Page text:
To reclaim the Constitution, rectify the political system and preserve the Republic the following steps need to be taken. The original explicit Constitution must be re-read and interpreted according to its written word. All its amendments need to be reappraised and those unnecessary should be scrapped. Minor new amendments that do not disturb the basic structure of the Constitution should be introduced. One new amendment that suggests itself would be to make Parliament, the President and all state assemblies co-terminus and hold their elections simultaneously. Thereby the President would be elected by new incoming legislators and not by previously elected legislators. By this simple amendment the President would get a mandate as popular as obtains for the American President.

                The President’s powers outlined in the Constitution are wide ranging. And if the original Constitution is read the President is virtually the chief executive. The relationship between the President and the Prime Minister would be akin to that between the Chairman of the Board and the CEO. The Indian President’s role in that sense would be closer to the French President rather than the American President. If the Indian President would utilize the powers assigned to the office by the Constitution to focus on just one single aspect there would be a sea change in the current situation. The President alone in the oath of office is sworn to preserve and protect the Constitution and law. If the President would achieve just that one single responsibility, corruption would be contained and governance would be on track.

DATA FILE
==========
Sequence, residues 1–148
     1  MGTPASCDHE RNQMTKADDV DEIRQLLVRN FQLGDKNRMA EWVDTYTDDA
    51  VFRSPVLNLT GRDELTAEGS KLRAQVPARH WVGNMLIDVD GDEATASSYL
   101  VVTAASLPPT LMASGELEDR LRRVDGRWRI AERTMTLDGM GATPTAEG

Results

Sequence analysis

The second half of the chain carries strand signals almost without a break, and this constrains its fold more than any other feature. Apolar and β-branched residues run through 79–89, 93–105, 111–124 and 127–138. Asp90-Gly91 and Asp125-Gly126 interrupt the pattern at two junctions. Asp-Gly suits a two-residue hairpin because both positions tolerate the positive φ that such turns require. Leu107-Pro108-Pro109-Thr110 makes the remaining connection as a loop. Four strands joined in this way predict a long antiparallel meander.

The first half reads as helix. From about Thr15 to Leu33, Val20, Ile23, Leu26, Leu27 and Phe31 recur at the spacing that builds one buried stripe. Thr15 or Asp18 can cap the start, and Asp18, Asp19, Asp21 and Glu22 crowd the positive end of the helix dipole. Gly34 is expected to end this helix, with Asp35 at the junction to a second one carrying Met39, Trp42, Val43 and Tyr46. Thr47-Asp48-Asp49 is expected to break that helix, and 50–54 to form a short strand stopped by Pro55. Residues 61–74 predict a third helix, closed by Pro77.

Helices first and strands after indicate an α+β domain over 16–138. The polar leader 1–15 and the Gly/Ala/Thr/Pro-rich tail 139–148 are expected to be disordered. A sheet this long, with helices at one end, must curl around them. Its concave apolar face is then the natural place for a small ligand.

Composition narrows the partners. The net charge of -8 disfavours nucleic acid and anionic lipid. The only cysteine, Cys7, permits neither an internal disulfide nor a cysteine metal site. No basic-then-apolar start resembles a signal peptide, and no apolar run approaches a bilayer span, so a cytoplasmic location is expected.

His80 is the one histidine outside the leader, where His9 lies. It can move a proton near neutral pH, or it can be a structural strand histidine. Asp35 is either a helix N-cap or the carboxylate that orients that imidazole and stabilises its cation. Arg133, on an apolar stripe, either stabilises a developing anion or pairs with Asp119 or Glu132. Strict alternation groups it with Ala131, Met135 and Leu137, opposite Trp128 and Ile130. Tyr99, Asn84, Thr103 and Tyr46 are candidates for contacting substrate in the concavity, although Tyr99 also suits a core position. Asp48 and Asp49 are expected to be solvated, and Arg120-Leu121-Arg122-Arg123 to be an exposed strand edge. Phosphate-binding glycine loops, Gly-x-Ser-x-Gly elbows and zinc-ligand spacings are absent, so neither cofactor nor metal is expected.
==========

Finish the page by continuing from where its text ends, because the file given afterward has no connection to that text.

What must be appreciated is that in the last six decades information has spread and the democratic impulse has become much stronger all across the country. What served India during the early Nehruvian years will not work any more. The reality of a multi-ethnic, multi-lingual, multi-religious, continental nation has surfaced. The reality of the Indian federation is asserting itself. We should take a leaf from America. In the US, the states are more powerful than states in India. In the US, the President is a stronger executive than the cabinet in India. We need more democracy at the grass roots. We need more cohesion at the centre. The Indian Constitution provides us opportunity to claim both. But we must have the will to re-read it, reinterpret it, and implement all its neglected Articles and Directive Principles of State Policy. Unless the present drift is halted by a drastic reappraisal the future of the Indian Republic remains inordinately bleak.

By Rajinder Puri